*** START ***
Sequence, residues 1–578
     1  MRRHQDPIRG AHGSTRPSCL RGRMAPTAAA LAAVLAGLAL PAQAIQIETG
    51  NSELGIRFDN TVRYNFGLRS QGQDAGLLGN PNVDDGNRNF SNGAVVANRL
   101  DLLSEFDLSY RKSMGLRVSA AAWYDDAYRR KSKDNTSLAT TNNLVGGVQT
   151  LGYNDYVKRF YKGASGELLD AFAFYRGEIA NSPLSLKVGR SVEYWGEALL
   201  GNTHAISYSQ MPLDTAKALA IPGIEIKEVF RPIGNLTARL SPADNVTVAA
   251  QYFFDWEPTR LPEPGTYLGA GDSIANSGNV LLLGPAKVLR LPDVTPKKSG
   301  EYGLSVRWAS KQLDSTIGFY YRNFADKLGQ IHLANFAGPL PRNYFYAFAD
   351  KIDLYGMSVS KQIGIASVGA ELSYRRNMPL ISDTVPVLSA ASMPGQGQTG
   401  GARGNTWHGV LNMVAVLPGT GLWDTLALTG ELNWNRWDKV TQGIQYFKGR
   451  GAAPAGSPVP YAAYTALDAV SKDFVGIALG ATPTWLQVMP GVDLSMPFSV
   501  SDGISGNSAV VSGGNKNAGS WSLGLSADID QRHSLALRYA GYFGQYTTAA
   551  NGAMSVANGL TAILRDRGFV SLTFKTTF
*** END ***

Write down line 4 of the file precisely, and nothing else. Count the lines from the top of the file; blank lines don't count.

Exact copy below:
   101  DLLSEFDLSY RKSMGLRVSA AAWYDDAYRR KSKDNTSLAT TNNLVGGVQT